Hot or Not: Reality TV can be harmful to women
The show "Are You Hot?" may trigger unhealthy habits
By March 1, 2003 - last reviewed on June 9, 2016published
'Are You Hot?," the ABC reality show in which comely competitors submit to a panel of judges for appearance-rating, might not be so hot for young female viewers, says one eating disorders expert.
The more frequently young women watch the show, which seeks to crown the sexiest people in America, the more dissatisfied they are with their appearance and the more likely they are to resort to unhealthy weight control habits, says Randall Flanery, Ph.D., an associate professor of community and family medicine at Saint Louis University in Missouri.
"[The show] emphasizes that how you look is more important than who you are or what you do. It really narrows the worth of the individual," Flanery says. "The viewer identifies with the person being scrutinized, but at the same time can participate with the critics and make fun of the person. The net result is the viewer gets reinforced that appearance is the most important thing, and they are not measuring up."
Though female adolescents and young women are most prone to developing negative body images from shows like "Are You Hot?" they are exactly the individuals who tune into such shows and other potentially harmful media, says Flanery, who also runs an eating disorders program. "Those who we're most concerned about are going to watch it more and be most influenced by it," he said. "The more you're primed to look at those factors, the more they affect you."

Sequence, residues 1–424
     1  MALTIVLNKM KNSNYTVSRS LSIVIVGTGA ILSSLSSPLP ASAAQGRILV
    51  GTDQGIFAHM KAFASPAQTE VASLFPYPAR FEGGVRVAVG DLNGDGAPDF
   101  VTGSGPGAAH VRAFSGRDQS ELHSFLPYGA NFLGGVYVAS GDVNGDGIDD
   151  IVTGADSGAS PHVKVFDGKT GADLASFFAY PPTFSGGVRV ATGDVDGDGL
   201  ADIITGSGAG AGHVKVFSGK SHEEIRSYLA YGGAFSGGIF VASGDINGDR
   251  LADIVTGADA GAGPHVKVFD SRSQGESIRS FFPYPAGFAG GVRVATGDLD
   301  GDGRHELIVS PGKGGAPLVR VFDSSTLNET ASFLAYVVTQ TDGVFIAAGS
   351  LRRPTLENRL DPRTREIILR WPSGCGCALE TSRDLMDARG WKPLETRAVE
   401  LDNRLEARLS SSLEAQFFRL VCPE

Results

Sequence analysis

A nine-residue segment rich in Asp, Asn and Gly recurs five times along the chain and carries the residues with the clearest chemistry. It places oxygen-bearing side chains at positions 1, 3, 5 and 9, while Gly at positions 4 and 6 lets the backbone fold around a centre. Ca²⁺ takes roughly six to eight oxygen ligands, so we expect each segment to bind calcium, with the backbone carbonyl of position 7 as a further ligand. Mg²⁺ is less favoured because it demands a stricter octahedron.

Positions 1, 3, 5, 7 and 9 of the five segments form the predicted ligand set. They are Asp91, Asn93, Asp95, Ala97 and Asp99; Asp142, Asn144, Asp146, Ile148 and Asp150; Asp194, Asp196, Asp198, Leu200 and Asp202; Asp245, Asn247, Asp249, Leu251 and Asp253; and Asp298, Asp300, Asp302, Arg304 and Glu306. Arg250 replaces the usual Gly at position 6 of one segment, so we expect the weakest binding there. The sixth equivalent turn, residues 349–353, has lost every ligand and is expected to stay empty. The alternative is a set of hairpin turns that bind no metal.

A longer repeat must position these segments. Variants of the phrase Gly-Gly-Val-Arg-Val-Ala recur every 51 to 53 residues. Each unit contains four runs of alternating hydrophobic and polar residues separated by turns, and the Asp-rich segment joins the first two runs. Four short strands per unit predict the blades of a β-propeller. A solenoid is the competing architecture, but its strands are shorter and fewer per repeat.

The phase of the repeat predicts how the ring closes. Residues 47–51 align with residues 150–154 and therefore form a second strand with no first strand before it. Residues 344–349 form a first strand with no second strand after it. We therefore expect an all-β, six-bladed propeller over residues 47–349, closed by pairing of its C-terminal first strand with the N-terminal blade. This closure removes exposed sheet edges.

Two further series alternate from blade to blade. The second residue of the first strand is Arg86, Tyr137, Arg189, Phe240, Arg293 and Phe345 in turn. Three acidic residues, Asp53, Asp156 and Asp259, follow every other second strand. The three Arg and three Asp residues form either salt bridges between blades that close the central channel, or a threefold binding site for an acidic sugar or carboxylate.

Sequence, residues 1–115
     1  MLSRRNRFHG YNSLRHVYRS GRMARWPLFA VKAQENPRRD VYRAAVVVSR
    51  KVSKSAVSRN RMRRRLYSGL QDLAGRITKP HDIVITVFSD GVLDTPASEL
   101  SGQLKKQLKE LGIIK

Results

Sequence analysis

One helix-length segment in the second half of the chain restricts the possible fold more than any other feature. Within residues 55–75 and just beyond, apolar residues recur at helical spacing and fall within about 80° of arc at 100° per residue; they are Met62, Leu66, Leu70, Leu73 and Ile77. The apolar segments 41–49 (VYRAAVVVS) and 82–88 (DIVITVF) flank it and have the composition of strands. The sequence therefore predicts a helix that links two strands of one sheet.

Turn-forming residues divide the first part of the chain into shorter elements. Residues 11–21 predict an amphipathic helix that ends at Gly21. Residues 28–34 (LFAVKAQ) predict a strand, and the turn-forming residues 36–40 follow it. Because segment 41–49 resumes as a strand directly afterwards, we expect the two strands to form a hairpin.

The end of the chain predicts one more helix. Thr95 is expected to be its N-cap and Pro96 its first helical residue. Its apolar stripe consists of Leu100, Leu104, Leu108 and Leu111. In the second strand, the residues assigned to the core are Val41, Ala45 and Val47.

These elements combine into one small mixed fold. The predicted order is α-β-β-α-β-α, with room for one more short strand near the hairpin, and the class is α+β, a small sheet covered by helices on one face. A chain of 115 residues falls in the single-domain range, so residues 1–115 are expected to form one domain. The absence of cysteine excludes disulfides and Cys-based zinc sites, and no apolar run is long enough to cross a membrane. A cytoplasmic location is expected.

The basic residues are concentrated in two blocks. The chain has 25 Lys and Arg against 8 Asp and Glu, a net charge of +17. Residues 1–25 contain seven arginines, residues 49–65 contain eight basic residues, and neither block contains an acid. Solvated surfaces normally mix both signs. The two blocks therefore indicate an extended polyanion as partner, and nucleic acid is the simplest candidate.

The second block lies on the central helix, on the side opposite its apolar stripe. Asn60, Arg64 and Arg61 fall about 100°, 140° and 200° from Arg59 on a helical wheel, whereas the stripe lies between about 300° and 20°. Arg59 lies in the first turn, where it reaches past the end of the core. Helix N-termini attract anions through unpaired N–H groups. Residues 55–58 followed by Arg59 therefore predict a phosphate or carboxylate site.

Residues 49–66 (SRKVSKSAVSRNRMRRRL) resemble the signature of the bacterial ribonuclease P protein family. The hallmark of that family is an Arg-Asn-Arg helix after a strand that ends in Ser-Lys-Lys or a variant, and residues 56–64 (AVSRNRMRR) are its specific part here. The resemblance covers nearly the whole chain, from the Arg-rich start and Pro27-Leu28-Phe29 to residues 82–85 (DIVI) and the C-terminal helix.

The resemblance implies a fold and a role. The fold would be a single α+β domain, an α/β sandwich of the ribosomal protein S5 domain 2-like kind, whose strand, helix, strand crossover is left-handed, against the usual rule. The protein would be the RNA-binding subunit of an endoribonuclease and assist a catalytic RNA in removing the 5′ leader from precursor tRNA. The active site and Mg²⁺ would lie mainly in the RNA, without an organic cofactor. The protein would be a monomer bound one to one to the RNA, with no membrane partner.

A study recently published in the American Journal of Health and Educationshowed that women who read health and fitness magazines were significantly more likely to have practiced unhealthy weight control methods than were moderate or infrequent readers, says Steven Thomsen, Ph.D., the study's author and an associate communications professor at Brigham Young University in Provo, Utah.
Nearly 80 percent of frequent readers had induced vomiting, 73 percent had taken diet pills and 60 percent had used laxatives. And women who limited their daily caloric intake read health and fitness magazines more frequently than those who did not restrict their diets.
Flanery put the onus on young women's parents to be assertive and prohibit their daughters from watching "Are You Hot?" and similar programs. "They can counterbalance that distorted view of what's important and emphasize a healthy alternative message," he said. "You're more than what you look like."
"Are You Hot?" airs Thursday nights at 8:00 p.m. on ABC. Eating Disorders Awareness week is February 23 - March 2.